Discussion in 'General Discussion' started by HOWsMom, Mar 22, 2010.
This is posted on a parenting board I'm on . . . (bolding mine)
Must be terribly boring not interact with their fish more than that. I can't imagine it's attractive at all. Makes you wonder why they keep it at all. Carol
Astounding isn't it? Maybe you can gently offer some advice... of course after six years healthier conditions might shock the fish so much they would die.
Water changes woud have to be done very slowly. A large water change would indeed Shock and possibly kill them. carol
A friend of mine told me about a fish bowl (about 2 gallon I think) that had a Pleco in it. The owner left for a month and when she came back the bowl was all green and murky and she figured it was dead, so she took the bowl out to her garage and left it there for a year. Was cleaning out the garage the next fall and thought she saw movement. Found a 6-inch Pleco flapping around in little more than muck. I thought I was going to be sick.
unfortunately, and sadly, theres many out there that treat fish/tanks this way I hope someday, they are considered live/living animals like cats/dogs/horses etc...
I just don't understand it. We've got 4 tanks running right now (well, 3 going, and one cycling) - I did tank maintenance this morning - took me less than 30 minutes for all 4 tanks (water changes, algae swiping). Takes seconds to feed the fish. Takes a long time to watch them though - they're captivating. But I also like to watch and talk to my rodents, walk my dogs, pet my cat, and silly stuff like that. Oh, I also enjoy my kids. *lol* Maybe I'm just odd.
Not odd... at least no more odd than I am (although my friends might tell you that's not the most ringing of endorsements). Having respect for living creatures is a fine quality. I can't believe someone would leave a 2 gallon fish bowl, filled with water and what they believed was a dead fish, in their garage for a year. YUCK! Poor pleco. I hope he got a decent home after that. Talk about a survivor.
Way back when a freind of mine said he had a tank in his attict that i could have. He said he had plecos in it but they all died. the tank had been up here almost 2 years. Evidentally shortly after he put it up there with the gravel still in it the roof leaked and put water in the tank and he never emptied it. Well the water was green and an eight inch pleco. must have been eggs i guessed. Unless he just threw it up there and didn't want to tell me. He grew to be almost 14" before I had to give him up. It totally amazes me that people look at fish and not see "pet"
My belief is if you take an animal from it's natural habitat; it is your responsibility to provide a very hight quality of life.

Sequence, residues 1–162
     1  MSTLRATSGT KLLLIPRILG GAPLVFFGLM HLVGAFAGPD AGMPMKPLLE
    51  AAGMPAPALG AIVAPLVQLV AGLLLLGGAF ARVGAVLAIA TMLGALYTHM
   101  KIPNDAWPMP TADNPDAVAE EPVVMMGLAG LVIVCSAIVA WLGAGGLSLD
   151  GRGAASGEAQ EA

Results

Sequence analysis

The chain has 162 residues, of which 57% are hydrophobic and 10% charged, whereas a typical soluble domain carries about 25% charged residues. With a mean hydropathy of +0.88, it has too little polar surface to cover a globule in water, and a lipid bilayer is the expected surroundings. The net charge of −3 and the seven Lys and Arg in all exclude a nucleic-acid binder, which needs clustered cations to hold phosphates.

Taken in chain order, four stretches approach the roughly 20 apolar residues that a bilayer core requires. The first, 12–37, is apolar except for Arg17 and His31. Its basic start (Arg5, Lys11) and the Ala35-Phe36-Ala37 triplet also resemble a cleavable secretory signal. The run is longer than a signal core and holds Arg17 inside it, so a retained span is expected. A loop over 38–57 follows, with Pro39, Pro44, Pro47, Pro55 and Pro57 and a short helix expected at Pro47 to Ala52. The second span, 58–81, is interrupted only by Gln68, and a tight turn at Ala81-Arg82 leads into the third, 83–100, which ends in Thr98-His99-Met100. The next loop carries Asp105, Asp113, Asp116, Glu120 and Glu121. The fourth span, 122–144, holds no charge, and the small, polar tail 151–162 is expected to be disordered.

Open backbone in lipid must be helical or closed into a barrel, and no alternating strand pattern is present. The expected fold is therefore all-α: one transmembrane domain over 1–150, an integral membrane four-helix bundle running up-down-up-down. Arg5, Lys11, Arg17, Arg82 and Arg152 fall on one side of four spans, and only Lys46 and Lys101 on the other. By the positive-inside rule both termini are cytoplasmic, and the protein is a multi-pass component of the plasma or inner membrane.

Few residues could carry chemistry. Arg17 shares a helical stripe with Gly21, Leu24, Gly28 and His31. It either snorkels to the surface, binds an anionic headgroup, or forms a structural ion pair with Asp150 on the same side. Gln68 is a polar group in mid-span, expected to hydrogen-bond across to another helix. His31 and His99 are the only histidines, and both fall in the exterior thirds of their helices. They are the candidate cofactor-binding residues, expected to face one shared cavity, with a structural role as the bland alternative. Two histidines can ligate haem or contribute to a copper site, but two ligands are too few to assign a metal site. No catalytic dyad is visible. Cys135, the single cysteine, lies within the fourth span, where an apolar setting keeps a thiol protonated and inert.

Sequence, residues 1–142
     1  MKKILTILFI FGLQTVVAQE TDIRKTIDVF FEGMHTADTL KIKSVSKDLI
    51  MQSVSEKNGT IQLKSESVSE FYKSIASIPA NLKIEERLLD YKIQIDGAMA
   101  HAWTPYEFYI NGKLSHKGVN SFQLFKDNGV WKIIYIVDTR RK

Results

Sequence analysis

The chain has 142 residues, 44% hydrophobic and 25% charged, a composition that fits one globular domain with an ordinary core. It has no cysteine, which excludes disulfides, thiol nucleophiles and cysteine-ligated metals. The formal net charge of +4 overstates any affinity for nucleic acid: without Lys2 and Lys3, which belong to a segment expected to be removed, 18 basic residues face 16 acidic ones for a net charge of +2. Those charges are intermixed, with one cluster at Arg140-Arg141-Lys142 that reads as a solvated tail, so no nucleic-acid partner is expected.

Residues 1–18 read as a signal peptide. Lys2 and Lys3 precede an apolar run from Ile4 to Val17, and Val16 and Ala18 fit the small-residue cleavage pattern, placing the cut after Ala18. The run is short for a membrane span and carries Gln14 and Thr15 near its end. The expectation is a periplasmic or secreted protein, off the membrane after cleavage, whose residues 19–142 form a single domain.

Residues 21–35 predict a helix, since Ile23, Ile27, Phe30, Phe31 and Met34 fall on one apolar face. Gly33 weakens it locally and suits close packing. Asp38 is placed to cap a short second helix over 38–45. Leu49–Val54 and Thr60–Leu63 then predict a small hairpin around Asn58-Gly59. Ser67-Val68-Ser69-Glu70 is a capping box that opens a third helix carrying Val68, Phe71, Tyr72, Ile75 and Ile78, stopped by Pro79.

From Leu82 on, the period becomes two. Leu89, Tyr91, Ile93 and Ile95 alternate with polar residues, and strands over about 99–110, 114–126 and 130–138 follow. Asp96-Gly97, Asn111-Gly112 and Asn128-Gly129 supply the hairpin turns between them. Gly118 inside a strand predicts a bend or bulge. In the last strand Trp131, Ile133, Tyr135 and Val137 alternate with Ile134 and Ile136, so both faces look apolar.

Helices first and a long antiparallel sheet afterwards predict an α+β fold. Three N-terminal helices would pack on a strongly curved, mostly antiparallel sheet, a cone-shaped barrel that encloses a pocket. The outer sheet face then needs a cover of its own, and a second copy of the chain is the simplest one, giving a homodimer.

Many people think of fish as decorations. However, those of us who respect them as living creatures are in one way or another, making a positive impact on others. I've stopped betta bowls being used by my parents and two of my co-workers are now paying more attention to compatibility and water quality. None of it was done with confrontation. However, I was quite firm with my parents in proving my reasoning in regards to betta bowls being unhealthy. Both of my co-workers were done with just the occasional comment here and there and a few in-depth discussions that they instigated. Every little bit helps. We do have the power to change things, one step at a time
I'm more then happy to help people I know out with their fish but it's way easier to do when they start the conversation about it
Sadly this sort of thing is terribly common. Fish are cheap and most people don't take the time to bond with them, so they have no problem committing what would in other animals (like dogs) be considered abuse and cause for arrest. Sadly most people don't give a hoot about the welfare of fish. I lecture someone about proper conditions for bettas and people think I'm in peta or something (I'm definitely NOT).
Can I adopt you? :;hug2
I know exactly what you mean hooxeii. Occasionally a coworker will ask me something about aquariums, and I'll respond with best practices (water changes, cycling, filtration, etc). Some other coworker will chime in, "Oh you don't need to do that. I know lots of people who only change the water when it looks yucky, and their goldfish has been alive for years! All that chemical balancing and water changing isn't really necessary." I usually put forth examples of individuals who have survived severe physical deprivation, torture, or devastating accidents and lived to tell about it. Just because it's possible doesn't mean it's safe, healthy, or right.
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